All recipes are based upon Monash University & FODMAP Friendly science at time of initial publication.

Chocolate: Monash University has lab tested dark, milk and white chocolate all have low FODMAP amounts: 85% dark at 20 g; dark at 30 g; milk at 20 g; white at 25 g.
Cocoa: Monash University has lab tested what they call “cocoa” and also “cacao” and they show different FODMAP content. The problem is that from the chocolate manufacturing industry’s perspective, there is no difference between cacao and cocoa powder. The FDA, The Food Standards for Australia and New Zealand, the ICCO (International Cocoa Organization) and the National Confectioners Association do not even recognize the term “cacao” to describe cocoa powder. We have an article, All About Cocoa, that we encourage you to read. It attempts to explain the discrepancies in the Monash lab testing.
Lactose-Free Dairy: Lactose-free dairy, such as lactose-free milk or lactose-free cream cheese, has lactase enzyme added that breaks the disaccharide molecules and creates a more digestible dairy product, from a lactose perspective. The resulting product is not dairy-free, but it is lactose-free. Some products might have miniscule amounts of lactose remaining, but the amount is small enough for the product to be labeled as lactose-free. For instance, Breyers Lactose-Free Vanilla Ice Cream states it is 99% lactose-free, while Lactaid Vanilla Ice Cream states it is 100% lactose-free.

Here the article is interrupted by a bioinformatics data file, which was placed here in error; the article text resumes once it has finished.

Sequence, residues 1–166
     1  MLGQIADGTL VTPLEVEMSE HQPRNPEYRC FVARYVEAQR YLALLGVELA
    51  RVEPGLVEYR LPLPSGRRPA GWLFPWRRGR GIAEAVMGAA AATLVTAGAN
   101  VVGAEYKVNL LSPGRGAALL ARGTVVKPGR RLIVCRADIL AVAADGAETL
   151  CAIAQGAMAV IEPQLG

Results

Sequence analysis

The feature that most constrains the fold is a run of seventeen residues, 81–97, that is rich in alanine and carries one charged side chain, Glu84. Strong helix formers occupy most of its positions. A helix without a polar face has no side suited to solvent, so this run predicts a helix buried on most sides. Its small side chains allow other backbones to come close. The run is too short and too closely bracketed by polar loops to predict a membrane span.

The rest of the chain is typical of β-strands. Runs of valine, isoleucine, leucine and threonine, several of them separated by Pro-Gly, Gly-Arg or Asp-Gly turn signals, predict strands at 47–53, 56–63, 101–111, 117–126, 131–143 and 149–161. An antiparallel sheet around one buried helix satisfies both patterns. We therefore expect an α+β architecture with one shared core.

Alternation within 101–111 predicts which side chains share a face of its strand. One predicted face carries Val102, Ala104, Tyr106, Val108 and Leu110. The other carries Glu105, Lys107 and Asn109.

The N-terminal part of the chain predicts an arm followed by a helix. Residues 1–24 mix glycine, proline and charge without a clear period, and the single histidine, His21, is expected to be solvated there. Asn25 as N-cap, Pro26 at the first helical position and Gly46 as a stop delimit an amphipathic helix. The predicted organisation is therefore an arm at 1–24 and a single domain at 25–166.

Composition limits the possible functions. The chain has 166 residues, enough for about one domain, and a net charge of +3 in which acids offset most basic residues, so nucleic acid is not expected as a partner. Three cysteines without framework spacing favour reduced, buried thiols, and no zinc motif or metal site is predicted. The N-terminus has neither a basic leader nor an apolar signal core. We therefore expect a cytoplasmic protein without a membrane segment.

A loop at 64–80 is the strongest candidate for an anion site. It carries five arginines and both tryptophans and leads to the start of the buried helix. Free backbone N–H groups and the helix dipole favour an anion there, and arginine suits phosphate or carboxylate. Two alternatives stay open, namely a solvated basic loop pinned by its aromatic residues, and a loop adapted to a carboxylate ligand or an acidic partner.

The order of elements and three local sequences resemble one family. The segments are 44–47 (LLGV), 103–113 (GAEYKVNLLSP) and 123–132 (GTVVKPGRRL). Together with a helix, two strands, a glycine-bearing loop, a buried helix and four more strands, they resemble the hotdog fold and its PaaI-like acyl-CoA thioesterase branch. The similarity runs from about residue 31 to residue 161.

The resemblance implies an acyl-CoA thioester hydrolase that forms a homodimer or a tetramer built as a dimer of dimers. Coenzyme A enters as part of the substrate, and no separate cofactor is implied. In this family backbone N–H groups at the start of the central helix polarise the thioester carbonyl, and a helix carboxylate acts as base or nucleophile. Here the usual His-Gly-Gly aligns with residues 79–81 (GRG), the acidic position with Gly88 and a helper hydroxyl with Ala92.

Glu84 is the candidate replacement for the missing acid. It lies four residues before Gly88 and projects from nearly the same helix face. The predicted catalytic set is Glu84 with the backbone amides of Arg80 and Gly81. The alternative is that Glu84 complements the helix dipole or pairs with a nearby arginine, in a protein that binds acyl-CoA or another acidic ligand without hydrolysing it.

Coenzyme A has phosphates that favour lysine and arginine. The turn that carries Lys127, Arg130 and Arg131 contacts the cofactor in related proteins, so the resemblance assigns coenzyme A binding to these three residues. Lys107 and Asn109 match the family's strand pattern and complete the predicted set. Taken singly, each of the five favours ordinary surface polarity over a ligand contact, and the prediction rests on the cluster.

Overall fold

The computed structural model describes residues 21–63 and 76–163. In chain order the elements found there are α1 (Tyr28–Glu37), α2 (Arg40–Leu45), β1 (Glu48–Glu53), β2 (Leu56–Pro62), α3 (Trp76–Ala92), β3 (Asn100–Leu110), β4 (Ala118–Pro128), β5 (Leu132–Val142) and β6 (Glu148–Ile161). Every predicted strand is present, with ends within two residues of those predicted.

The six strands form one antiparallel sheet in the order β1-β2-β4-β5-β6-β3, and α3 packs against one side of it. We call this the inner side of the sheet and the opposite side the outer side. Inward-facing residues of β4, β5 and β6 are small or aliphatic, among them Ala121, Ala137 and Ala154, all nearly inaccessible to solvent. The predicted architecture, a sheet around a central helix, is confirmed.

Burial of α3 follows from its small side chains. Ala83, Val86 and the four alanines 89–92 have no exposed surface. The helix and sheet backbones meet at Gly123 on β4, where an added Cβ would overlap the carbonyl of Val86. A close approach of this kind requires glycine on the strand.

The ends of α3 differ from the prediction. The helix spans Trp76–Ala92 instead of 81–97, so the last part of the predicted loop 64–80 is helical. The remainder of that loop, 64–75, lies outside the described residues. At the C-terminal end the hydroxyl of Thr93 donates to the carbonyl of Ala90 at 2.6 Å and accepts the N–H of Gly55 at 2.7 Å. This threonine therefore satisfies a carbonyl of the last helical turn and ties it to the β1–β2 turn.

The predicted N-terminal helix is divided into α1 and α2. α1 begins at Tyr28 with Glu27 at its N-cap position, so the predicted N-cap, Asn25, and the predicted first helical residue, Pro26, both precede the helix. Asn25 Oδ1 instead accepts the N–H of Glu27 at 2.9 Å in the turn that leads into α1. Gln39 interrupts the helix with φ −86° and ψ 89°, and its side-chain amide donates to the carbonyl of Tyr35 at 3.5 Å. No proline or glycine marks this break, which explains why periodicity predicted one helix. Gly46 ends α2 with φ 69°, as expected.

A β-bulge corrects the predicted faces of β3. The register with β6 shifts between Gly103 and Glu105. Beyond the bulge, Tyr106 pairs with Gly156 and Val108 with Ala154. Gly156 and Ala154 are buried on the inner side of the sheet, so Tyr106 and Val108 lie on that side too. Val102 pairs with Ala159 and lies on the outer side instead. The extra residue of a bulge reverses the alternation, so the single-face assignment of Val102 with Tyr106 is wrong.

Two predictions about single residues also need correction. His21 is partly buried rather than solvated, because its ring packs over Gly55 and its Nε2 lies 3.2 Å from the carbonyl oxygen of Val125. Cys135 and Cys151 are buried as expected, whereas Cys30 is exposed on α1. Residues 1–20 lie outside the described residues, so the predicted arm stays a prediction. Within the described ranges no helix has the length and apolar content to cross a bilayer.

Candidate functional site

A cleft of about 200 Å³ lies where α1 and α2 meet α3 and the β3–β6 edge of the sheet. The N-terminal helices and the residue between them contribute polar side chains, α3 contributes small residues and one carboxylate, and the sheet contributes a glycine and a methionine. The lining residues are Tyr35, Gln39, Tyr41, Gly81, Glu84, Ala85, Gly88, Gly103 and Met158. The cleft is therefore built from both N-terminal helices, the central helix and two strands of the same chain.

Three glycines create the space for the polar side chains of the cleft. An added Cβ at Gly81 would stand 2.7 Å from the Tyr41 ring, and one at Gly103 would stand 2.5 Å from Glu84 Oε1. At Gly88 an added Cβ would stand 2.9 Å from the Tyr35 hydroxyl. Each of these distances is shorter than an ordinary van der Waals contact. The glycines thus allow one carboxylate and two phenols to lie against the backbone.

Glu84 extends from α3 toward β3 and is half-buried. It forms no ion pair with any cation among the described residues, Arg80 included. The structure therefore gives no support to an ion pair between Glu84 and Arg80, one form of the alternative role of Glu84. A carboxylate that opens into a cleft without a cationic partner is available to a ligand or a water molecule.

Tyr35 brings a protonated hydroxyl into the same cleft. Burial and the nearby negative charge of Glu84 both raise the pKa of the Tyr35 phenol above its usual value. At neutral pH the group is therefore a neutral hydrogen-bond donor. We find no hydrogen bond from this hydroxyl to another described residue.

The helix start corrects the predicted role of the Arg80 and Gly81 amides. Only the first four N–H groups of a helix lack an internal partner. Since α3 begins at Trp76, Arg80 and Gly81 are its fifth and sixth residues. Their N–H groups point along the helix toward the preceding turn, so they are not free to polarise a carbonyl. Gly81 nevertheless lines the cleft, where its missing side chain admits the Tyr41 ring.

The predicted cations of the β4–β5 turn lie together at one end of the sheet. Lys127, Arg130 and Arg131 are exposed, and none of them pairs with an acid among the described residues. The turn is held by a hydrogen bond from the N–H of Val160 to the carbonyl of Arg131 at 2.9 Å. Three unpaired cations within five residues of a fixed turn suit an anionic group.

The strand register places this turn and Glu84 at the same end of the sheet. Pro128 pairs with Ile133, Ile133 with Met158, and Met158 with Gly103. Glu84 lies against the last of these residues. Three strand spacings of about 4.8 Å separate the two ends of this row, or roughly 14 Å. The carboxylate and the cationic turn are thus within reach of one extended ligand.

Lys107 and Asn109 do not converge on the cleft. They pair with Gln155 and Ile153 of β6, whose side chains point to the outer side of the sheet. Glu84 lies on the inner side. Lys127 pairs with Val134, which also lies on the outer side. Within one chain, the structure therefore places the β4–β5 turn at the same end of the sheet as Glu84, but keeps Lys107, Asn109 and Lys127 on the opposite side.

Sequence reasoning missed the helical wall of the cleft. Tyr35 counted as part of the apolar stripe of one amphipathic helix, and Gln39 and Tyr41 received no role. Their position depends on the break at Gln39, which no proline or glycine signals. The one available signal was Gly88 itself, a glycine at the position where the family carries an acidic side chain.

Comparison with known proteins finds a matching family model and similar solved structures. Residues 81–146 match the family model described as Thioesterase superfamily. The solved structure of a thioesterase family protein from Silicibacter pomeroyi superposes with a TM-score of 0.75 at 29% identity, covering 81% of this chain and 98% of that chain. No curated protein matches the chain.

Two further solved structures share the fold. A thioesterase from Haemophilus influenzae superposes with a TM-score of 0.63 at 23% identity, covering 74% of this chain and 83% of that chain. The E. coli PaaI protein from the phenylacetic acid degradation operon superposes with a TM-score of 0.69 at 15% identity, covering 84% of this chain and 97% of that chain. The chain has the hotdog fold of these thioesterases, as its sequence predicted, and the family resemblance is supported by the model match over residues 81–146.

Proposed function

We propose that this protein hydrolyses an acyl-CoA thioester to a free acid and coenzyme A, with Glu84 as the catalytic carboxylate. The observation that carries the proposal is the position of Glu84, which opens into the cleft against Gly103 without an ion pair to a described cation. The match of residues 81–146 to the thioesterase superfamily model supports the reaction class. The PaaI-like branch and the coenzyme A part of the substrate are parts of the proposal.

Oil: All pure oils are fats and contain no carbohydrates, therefore they contain no FODMAPs.
Sugar: Monash University and FODMAP Friendly have both lab tested white, granulated sugar. Monash states that a Green Light low FODMAP serving size of white sugar is ¼ cup (50 g). FODMAP Friendly simply states that they have tested 1 tablespoon and that it is low FODMAP. Regular granulated white sugar is sucrose, which is a disaccharide made up of equal parts glucose and fructose. Sucrose is broken down and absorbed efficiently in the small intestine.

Please always refer to the Monash University & FODMAP Friendly smartphone apps for the most up-to-date lab tested information. Foods will be retested from time to time; in the case of raw ingredients, such as fruits and vegetables, results may vary. All lab tested results are valid and represent a snapshot in time. As always, your tolerance is what counts; please eat accordingly. The ultimate goal of the low FODMAP diet is to eat as broadly as possible, without triggering symptoms, for the healthiest microbiome.

Course: Dessert
Cuisine: American

Nutrition

Calories: 262kcal | Carbohydrates: 42g | Protein: 3g | Fat: 11g | Sodium: 282mg | Potassium: 2mg | Fiber: 1g | Sugar: 21g | Calcium: 1mg | Iron: 1mg

All nutritional information is based on third-party calculations and should be considered estimates. Actual nutritional content will vary with brands used, measuring methods, portion sizes and more. For a more detailed explanation, please read our article Understanding The Nutrition Panel Within Our Recipes.

closeup Low FODMAP chocolate Pudding Cake on white plate with gold spoon and ice cream